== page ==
Picks and Pans Review: The Life and Death of the Press Barons
by Piers Brandon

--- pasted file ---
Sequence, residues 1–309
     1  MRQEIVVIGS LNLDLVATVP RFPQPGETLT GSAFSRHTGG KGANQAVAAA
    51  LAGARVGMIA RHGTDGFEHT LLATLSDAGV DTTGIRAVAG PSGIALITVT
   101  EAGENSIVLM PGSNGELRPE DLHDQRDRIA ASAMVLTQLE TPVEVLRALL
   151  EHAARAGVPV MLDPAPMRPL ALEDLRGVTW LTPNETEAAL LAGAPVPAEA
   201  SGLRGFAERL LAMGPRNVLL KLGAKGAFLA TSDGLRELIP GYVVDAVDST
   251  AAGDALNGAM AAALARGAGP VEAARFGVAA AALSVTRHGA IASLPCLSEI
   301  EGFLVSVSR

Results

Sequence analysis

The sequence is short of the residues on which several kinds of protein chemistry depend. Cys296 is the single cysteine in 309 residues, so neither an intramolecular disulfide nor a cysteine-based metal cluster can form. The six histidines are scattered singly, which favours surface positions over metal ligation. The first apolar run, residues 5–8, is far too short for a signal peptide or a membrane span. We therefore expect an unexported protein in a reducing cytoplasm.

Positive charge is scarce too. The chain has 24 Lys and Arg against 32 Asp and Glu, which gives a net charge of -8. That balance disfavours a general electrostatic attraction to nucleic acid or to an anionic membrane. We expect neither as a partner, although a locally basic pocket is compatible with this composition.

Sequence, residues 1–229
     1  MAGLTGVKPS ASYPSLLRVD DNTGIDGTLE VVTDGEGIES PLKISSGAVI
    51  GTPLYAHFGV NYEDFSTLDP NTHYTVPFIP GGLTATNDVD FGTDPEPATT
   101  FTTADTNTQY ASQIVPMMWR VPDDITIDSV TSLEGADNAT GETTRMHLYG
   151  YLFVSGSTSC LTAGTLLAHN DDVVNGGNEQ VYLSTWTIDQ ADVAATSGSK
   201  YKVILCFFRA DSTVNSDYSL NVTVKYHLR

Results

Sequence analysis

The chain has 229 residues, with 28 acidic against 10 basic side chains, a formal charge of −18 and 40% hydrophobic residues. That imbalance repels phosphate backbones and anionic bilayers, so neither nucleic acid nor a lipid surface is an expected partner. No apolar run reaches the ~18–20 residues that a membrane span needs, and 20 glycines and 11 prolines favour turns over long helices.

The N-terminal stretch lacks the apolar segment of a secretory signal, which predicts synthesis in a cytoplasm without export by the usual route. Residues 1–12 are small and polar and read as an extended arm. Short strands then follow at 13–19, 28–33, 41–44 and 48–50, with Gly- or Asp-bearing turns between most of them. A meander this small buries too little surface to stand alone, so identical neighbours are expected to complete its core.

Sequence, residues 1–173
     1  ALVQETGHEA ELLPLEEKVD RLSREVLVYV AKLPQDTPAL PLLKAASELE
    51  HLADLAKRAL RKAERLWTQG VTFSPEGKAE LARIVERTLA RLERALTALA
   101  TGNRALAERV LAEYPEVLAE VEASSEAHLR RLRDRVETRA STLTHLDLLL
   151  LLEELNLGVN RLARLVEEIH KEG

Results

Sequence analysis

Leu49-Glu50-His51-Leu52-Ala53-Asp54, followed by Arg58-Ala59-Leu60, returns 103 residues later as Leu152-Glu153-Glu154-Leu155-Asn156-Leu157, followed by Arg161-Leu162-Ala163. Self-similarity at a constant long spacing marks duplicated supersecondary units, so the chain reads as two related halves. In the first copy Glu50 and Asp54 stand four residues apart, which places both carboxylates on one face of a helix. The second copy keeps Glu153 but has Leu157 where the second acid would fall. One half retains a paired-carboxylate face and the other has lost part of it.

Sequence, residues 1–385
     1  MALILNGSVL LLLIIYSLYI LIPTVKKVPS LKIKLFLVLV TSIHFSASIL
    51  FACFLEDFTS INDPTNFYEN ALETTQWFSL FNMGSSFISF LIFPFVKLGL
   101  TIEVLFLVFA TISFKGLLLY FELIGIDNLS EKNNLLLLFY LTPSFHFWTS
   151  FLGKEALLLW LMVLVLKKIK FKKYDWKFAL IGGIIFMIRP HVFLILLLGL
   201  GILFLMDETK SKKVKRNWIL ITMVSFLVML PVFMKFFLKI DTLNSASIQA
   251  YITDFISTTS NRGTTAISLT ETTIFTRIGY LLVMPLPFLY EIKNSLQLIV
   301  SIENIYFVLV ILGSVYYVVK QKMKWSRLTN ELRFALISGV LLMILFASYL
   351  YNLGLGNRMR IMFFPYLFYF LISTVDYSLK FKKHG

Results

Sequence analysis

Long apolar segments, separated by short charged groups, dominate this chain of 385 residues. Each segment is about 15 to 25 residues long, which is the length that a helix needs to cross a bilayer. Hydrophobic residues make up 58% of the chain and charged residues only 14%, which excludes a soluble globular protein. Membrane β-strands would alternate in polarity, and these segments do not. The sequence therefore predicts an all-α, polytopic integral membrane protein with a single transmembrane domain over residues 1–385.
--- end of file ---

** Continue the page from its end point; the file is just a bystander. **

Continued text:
From James Gordon Bennett Jr., who once visited the Paris edition office of his New York Herald wearing red pajamas and proceeded arbitrarily to fire everyone on the right side of the room, to Lord Beaverbrook, who enjoyed chatting about mistresses with Stalin over bottles of champagne, the great press lords of the last 150 years are an anecdotalist's dream. English nonfiction writer Brandon does more than tell eye-popping tales, though. In chapter-long biographies of leading American and British newspaper publishers—William Randolph Hearst and Joseph Pulitzer are among them—he reveals how, with the ascent of faceless conglomerates, newspapers have lost their individualism. Not the least of Brandon's achievements is to cast a sympathetic light on the rapacious Rupert Murdoch, publisher of the Times of London and such sensation-mongering papers as the New York Post, who may be, for better or worse, the last of a colorful breed. (Atheneum, $14.95)
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